Format

Send to

Choose Destination
Cancer Res. 2017 Sep 15;77(18):4785-4796. doi: 10.1158/0008-5472.CAN-16-3233. Epub 2017 Jul 18.

Hsp72 and Nek6 Cooperate to Cluster Amplified Centrosomes in Cancer Cells.

Author information

1
Department of Molecular and Cell Biology, University of Leicester, Leicester, United Kingdom.
2
Ernest and Helen Scott Haematological Research Institute, University of Leicester, Leicester, United Kingdom.
3
Astbury Centre for Structural Molecular Biology, Faculty of Biological Sciences, University of Leeds, Leeds, United Kingdom.
4
Department of Molecular and Cell Biology, University of Leicester, Leicester, United Kingdom. amf5@le.ac.uk.

Abstract

Cancer cells frequently possess extra amplified centrosomes clustered into two poles whose pseudo-bipolar spindles exhibit reduced fidelity of chromosome segregation and promote genetic instability. Inhibition of centrosome clustering triggers multipolar spindle formation and mitotic catastrophe, offering an attractive therapeutic approach to selectively kill cells with amplified centrosomes. However, mechanisms of centrosome clustering remain poorly understood. Here, we identify a new pathway that acts through NIMA-related kinase 6 (Nek6) and Hsp72 to promote centrosome clustering. Nek6, as well as its upstream activators polo-like kinase 1 and Aurora-A, targeted Hsp72 to the poles of cells with amplified centrosomes. Unlike some centrosome declustering agents, blocking Hsp72 or Nek6 function did not induce formation of acentrosomal poles, meaning that multipolar spindles were observable only in cells with amplified centrosomes. Inhibition of Hsp72 in acute lymphoblastic leukemia cells resulted in increased multipolar spindle frequency that correlated with centrosome amplification, while loss of Hsp72 or Nek6 function in noncancer-derived cells disturbs neither spindle formation nor mitotic progression. Hence, the Nek6-Hsp72 module represents a novel actionable pathway for selective targeting of cancer cells with amplified centrosomes. Cancer Res; 77(18); 4785-96. ©2017 AACR.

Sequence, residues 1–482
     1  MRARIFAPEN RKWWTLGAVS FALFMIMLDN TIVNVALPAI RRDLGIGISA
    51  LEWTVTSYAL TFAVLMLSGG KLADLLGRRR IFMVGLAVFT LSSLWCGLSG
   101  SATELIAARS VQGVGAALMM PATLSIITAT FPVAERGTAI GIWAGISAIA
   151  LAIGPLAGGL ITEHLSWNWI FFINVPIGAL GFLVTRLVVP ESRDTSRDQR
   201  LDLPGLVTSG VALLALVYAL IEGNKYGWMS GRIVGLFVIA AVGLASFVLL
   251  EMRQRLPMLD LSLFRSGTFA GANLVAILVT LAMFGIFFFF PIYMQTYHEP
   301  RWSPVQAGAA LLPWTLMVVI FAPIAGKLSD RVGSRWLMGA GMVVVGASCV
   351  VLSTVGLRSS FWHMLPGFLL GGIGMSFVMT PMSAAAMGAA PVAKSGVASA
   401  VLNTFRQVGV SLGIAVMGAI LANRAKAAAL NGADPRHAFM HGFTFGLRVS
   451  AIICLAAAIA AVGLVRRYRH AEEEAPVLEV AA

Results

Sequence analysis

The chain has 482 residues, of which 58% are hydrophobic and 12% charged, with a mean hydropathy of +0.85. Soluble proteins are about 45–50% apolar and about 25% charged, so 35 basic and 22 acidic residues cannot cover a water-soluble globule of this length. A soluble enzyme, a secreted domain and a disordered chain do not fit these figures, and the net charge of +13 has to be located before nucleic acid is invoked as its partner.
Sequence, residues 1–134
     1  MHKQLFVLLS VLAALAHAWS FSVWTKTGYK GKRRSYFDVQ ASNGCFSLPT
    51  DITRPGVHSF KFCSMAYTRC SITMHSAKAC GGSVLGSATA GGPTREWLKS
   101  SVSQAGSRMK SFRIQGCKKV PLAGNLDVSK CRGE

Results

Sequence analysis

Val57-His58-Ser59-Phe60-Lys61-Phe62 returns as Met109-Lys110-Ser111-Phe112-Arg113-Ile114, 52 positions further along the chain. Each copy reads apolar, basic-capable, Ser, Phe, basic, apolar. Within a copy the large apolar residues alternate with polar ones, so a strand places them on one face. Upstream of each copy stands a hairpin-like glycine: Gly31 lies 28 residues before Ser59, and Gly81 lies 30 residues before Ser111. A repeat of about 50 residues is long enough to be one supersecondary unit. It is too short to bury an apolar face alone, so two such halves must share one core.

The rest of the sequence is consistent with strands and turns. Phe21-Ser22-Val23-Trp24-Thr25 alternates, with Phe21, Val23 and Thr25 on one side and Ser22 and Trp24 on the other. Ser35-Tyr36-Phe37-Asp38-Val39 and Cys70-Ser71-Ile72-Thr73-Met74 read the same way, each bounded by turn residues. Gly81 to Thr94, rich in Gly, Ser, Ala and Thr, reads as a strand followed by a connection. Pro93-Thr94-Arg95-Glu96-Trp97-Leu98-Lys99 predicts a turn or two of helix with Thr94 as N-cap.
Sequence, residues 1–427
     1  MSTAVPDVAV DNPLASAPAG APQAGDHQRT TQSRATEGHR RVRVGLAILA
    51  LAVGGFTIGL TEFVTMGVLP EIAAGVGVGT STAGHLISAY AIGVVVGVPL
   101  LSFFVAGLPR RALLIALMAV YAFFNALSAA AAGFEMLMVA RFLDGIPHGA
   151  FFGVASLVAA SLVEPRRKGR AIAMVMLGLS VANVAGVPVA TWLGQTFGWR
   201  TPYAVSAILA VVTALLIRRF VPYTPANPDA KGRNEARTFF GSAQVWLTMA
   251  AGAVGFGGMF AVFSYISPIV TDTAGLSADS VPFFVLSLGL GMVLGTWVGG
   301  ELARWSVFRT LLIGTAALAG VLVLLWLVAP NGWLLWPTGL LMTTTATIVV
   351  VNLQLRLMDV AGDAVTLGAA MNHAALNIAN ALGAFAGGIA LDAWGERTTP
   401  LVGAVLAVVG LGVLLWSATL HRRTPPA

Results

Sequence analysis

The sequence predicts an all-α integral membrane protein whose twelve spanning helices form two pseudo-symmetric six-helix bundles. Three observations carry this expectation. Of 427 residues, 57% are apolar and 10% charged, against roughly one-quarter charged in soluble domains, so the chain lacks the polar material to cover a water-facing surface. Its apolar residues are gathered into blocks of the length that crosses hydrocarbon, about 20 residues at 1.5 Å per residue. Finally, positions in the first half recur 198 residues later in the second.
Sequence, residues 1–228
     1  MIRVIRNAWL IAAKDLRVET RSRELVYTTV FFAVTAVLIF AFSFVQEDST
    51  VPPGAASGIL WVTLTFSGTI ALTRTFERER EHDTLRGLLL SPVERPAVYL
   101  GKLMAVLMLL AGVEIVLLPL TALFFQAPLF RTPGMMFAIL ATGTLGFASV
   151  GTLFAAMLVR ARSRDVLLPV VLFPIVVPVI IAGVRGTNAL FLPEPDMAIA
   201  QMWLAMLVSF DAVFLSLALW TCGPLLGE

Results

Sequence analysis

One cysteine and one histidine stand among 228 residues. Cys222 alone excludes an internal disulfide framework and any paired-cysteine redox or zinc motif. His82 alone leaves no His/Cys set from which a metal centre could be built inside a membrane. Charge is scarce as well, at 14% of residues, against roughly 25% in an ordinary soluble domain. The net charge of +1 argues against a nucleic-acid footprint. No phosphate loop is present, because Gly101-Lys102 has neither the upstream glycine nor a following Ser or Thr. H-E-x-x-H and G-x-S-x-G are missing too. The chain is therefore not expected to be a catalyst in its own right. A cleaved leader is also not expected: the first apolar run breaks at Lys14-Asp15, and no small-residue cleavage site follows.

PMID:
28720575
DOI:
10.1158/0008-5472.CAN-16-3233
[Indexed for MEDLINE]
Free full text

Supplemental Content

Full text links

Icon for HighWire
Loading ...
Support Center